HomeOpinion & AnalysisPadare, Oxfam partner for GBV and Covid-19 awareness

Padare, Oxfam partner for GBV and Covid-19 awareness

By Takemore Mazuruse

As Zimbabwe continues to reel under the effects of the Covid-19 pandemic and the resultant national lockdown passed by government to contain the situation, gender-based violence (GBV) cases are on the rise and Padare/Enkundleni Men’s Forum on gender with support from Oxfam has initiated various campaigns aimed at containing the situation.

Speaking to Standard Style after a recent GBV and Covid-19 awareness campaign in Phase 1, 2, 3, 4, 12 and 17 of Caledonia, Harare, Padare programmes officer Paul Vingi said the organisation was faced with an uphill task as cases of GBV continue to soar owing to lack of education to pressures brought  about by the lockdown and the general economic challenges, hence their ongoing efforts.

“We are operating in a generally difficult period where cases of gender-based violence are on the rise particularly given the pressures of a closed economy as the nation grapples with Covid-19,” Vingi said.

“In some communities, GBV remains a common practice and we are doing all we can to raise awareness and sensitise men and boys on the importance of gender justice and respect for women.

“Our ongoing efforts in Caledonia have pointed to a rise in cases of GBV given the community make-up where sexual exploitation of minors is prevalent and women generally bear the brunt of a patriarchal society.

“Caledonia has high cases of GBV especially child sexual abuse and sexual exploitation. Substance and alcohol abuse coupled with limited knowledge of gender rights have also fuelled abuse of women and we are rolling out a number of programmes and initiatives aimed at containing the GBV challenges.”

Wanton disregard of the set-down Covid-19 regulations also remains a challenge and Vingi said it was their hope that working together with Oxfam and other stakeholders, they would help educate the masses and foster behaviour change.

“In Caledonia, some are still taking Covid-19 as a foreign illness,  which doesn’t affect the poor and there is minimal compliance to set regulations like putting on masks and social distance,” Vingi said.

“When we got there for the road show awareness campaigns around 6pm hoping to reach more beneficiaries as people are usually indoors by then, we were shocked to see crowds as people roamed freely and shops and vendors operating until as late as 7pm at a joint called Gazebo. They even had a soccer tournament that went for hours on end until a police officer,  who accompanied us came to the rescue and stopped the tournament.”

The Caledonia campaign was in partnership with the Goromonzi Rural District Council’s Covid-19 taskforce, which included officials from the National Aids Council, District Administrator’s office, Zimbabwe Republic Police, and the Women Affairs ministry.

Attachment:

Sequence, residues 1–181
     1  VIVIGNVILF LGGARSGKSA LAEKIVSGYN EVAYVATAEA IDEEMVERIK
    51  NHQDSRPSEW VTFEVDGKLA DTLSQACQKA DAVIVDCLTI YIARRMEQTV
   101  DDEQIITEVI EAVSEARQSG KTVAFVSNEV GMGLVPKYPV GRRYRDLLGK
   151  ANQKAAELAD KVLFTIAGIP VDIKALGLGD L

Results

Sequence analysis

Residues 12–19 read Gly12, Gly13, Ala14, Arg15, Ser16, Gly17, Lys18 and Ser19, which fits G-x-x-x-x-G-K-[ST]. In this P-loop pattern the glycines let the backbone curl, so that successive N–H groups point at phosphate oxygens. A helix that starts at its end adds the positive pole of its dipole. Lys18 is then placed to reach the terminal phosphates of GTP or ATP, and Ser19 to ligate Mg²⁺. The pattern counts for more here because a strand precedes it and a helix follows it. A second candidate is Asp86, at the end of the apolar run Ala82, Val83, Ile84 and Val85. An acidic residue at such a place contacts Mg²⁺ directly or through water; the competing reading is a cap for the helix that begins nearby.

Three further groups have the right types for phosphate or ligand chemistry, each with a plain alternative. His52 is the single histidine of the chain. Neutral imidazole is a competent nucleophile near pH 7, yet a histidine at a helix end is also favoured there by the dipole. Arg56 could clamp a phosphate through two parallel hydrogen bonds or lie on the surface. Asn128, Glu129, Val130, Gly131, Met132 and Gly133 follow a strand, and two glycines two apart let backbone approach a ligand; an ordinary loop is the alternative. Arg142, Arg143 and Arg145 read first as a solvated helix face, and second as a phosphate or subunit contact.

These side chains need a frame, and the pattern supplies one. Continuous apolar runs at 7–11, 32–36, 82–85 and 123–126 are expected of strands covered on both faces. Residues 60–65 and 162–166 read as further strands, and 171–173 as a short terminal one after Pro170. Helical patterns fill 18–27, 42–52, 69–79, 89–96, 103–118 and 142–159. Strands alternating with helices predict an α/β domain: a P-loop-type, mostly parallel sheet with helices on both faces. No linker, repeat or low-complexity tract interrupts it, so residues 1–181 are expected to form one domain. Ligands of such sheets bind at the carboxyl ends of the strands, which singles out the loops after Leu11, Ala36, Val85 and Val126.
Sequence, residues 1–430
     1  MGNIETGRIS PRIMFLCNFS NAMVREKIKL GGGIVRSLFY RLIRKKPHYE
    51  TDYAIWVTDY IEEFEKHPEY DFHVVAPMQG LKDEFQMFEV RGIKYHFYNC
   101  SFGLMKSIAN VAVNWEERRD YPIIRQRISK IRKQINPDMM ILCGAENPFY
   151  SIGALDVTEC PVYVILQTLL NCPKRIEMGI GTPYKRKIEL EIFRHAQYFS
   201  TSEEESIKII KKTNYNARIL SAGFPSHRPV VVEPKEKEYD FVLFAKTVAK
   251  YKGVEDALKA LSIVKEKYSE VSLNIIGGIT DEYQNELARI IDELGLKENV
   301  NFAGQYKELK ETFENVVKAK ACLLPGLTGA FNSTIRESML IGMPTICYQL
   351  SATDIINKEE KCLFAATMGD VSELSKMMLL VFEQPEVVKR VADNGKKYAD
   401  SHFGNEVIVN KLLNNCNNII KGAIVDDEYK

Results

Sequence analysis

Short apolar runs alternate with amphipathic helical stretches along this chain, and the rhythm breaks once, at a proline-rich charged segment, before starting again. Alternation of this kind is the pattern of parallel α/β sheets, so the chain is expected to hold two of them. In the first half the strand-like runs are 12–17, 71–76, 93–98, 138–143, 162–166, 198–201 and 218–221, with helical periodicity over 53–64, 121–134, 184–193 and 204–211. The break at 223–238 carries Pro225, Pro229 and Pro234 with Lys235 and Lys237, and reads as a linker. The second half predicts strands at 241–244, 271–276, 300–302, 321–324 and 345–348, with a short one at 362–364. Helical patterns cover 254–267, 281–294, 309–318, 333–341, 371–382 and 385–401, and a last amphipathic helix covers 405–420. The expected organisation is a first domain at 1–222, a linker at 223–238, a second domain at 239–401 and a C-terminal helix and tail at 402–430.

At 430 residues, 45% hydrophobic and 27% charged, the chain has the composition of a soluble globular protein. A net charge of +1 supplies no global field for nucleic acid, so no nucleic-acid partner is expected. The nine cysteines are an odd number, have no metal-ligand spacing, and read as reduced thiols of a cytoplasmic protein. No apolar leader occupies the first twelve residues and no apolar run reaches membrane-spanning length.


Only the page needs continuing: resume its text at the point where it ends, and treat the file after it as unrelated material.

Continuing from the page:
Padare has also produced social behaviour change communication materials in the form of 2021 calendars with positive  messages to the community and also to raise awareness around gender-based violence and unpaid care work in the targeted communities.

Other community messages in the form of murals will also be designed targeting areas where men and crowds gather.

“We have produced social behaviour change communication materials in the form of calendars with messages against gender-based violence and encouraging male participation in unpaid care work in the homes,” Vingi said.

“We will also design community messages in the form of murals targeting men at water points and markets so that they are abreast with our message of taking part in unpaid care work, loving and supporting their women as well as ending gender-based violence.”

According to Oxfam’s Regis Mtutu (pictured), acting regional women’s rights and gender justice coordinator, most of the perpetrators of GBV are men and working with Padare, which focuses on the involvement of men in the fight for a gender just society is an ideal.

“In as much as men are the main perpetrators of GBV, we also want to view them not only as part of the problem, but as part of the solution,” Mtutu said.

“Padare, given its programme design and scope, is well placed to come in and work with men towards ending GBV so that the work with our other women-focused partners like Musasa Project begins to bear fruit.

“Thanks to the partnership with Padare, men are beginning to take a stand against GBV. We have male gender champions in Caledonia, who are raising awareness and helping address problems related to GBV.”

Mtutu  highlighted that Oxfam was also supporting drilling of boreholes and a cash transfer programme targeting vulnerable households with a view to contain some of the triggers of GBV in Caledonia.

“Water in a big issue in Caledonia and women would have challenges at water points and some travelling distances to unprotected sources where men would want to control women access and prey at women and young girls at the water points.,” Mtutu said.

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